At Oriole Park at Camden Yards Monday, the birds welcomed the AL Central leading Chicago White Sox for the first of a very big series, potentially a preview of series Orioles Nation may see in October. Now that you’ve gotten to the end of that sentence, close your eyes and count to five. Now, pretend it’s March and re-read it.
The Orioles picked up another dramatic victory, this time getting two big home runs. The first was off the bat of Lew Ford, his first in major league play since 2007. The other—a two-run shot in the bottom of the eighth from Nate McLouth—leapfrogged the Sox, and gave the O’s the 4-3 win. Before you re-read this paragraph, you should probably look outside your window to make sure the monkeys from the Wizard of Oz aren’t out there.
Wait. Just wait one minute. The Orioles…13 games OVER .500 at 70-57, in late AUGUST? The Orioles, with one more win before September than they had in ALL of 2011? The BALTIMORE ORIOLES…tied for the top wildcard spot in the American league, and ALONE in second place in the AL East, just 3.5 games behind the New York Yankees? On August 28? Weren’t these the guys who were supposed to fade away after dropping 6 of 7, then 5 of 6, just last month? Isn’t this the team that national sports “experts” said would, “fold in June, bless their hearts.” The Orioles?? Just who do these guys think they are?
Wei-Yin Chen took the mound for the birds, making his first start since giving up five runs on seven hits in a five-inning win against Detroit August 19. Monday, he was far better, but he hurt himself with a big error, contributing to his no-decision. Up 1-0 (courtesy of Ford’s homer) in the sixth, Chen got White Sox leadoff man Dewayne Wise to tap to first. Mark Reynolds made a terrific diving stop, but his toss to Chen was a touch low and a tad behind the lefty. It was a catchable ball, but it appeared to handcuff Chen, who dropped it for the E-1.
The very next pitch was Chen’s worst of the night. Kevin Youkilis launched a 91 MPH fastball down the middle into the left field seats, giving Chicago a 2-1 lead. Chen would finish out the inning, and did not return.
It looked like the Orioles may still reward their ace with a win in their half of the sixth, though. Wieters walked, and took third on another hit from Ford. The White Sox went to the bullpen for Jesse Crain, who walked Reynolds to load the bases with no one out. Next, McLouth worked a full count against Crain, before taking a borderline pitch for ball four. It was a terrific at-bat by McLouth, who actually ducked the final pitch, perhaps making it appear higher than it actually was. That walk forced Wieters home, and the birds still had the bases loaded (with good speed on), and no one out.
But Manny Machado tapped out on a force, third to home. Robert Andino struck out, and Markakis’ bid for a squib-job infield hit was robbed on a nice play by Sox shortstop Alexei Ramirez. The O’s twice loaded the bases with no outs, but could score only one time.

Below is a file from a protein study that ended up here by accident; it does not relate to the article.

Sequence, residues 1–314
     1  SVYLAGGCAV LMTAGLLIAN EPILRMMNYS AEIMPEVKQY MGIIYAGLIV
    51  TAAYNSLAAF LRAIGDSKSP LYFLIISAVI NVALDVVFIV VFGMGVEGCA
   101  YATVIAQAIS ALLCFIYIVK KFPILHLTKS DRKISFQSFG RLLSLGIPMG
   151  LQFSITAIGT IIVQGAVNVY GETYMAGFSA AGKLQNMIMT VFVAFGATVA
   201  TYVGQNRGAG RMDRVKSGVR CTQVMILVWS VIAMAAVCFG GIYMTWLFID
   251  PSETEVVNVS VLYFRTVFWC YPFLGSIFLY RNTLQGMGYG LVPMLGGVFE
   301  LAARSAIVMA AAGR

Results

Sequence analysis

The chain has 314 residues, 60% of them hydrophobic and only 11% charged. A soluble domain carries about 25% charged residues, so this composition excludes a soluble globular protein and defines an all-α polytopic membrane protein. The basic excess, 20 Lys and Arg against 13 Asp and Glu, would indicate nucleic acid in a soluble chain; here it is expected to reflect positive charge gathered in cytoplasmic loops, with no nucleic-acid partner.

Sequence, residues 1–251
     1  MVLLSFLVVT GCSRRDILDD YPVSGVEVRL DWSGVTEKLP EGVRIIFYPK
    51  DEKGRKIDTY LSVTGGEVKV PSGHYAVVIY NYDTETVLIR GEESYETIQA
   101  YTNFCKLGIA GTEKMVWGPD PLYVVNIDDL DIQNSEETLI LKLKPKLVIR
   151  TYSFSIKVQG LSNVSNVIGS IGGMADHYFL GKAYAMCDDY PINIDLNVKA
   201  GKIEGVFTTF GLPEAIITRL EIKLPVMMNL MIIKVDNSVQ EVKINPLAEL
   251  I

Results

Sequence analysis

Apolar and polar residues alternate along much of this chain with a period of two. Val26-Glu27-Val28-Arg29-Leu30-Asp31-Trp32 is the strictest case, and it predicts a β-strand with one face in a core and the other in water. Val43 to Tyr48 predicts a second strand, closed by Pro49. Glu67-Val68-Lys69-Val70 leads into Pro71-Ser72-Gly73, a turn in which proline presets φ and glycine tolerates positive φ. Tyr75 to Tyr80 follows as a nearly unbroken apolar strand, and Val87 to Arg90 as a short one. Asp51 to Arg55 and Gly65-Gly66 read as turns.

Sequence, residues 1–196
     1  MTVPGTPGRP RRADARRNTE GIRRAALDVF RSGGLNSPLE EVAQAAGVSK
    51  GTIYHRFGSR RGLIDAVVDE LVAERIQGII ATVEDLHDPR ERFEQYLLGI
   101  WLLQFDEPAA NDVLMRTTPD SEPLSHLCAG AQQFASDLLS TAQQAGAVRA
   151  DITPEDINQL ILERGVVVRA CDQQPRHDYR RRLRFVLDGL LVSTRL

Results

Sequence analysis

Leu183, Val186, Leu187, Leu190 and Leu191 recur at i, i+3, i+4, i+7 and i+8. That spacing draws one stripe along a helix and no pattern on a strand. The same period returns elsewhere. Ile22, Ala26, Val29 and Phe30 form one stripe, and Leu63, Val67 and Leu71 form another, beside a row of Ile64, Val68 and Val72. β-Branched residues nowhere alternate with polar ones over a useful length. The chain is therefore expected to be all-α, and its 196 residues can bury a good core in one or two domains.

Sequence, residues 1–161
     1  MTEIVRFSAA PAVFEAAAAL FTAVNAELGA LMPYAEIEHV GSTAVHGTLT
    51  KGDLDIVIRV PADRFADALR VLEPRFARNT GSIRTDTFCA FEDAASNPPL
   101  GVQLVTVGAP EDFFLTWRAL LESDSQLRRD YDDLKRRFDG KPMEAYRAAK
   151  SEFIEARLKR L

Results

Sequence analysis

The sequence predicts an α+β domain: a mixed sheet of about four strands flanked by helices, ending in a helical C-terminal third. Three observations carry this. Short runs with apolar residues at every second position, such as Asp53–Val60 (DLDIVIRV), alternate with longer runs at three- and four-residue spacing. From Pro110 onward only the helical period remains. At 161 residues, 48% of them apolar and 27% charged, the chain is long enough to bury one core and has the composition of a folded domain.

In the eighth with the score still tied at two, Buck Showalter went to Pedro Strop (W, 5-2). Wise led off against the O’s power arm with a single to left. Youkilis singled to right, moving Wise to third. Next up, Adam Dunn hit a slow trickling roller to Andino at second, whose only play was to first. Or, at least, it would have been, had first baseman Mark Reynolds been anywhere near where he was supposed to be, which was on the bag. Reynolds, in another of the blackout moments he’s prone to, committed to trying to field the grounder. By the time he realized it was Andino’s ball all the way, he was in no-man’s land. Wise scored, Youkilis moved to second, Dunn to first, and the White Sox led 3-2 with no outs.
Strop thew three straight, 97 MPH fastballs to Paul Konerko, who bounced into a big double play. He then struck out Alex Rios on five pitches—all sliders—and the O’s were out of the mess, albeit down one.
Reliever Brett Myers (L, 2-6) got Ford to start the bottom of the eighth, but then he walked Reynolds. Up stepped McLouth, who laid into a 91 MPH fastball up and over the plate. McLouth’s second O’s homer gave the Orioles the lead, which closer Jim Johnson, despite giving up a hit and throwing a wild pitch, was able to hold.
The O’s and White Sox battle again Tuesday night, with Chris Tillman (6-2, 3.71) going against Chris Sale (15-4, 2.65). First pitch is slated for 7:05.
- Chen: 6IP, 4H, 2R, 1ER, 1BB, 8K, 1HR.
- 3 RBIs for McLouth. 2H for Ford. Each with a home run. By the way, am I the only one who sees Brady Anderson every time McLouth puts a good swing on the ball? The stances are different, but the follow throughs are remarkably similar. And McLouth wearing Anderson’s old number 9 doesn’t hurt either.
- The Orioles struck out just five times. They walked seven times. Meanwhile, Orioles pitching struck out 12 White Sox, and walked only 1.
- Jim Johnson with save #40. What a season the Orioles closer is having.
- The Orioles have won 13 straight one-run games, tying a team record.
- 0-4 with RISP. 8 men left on base.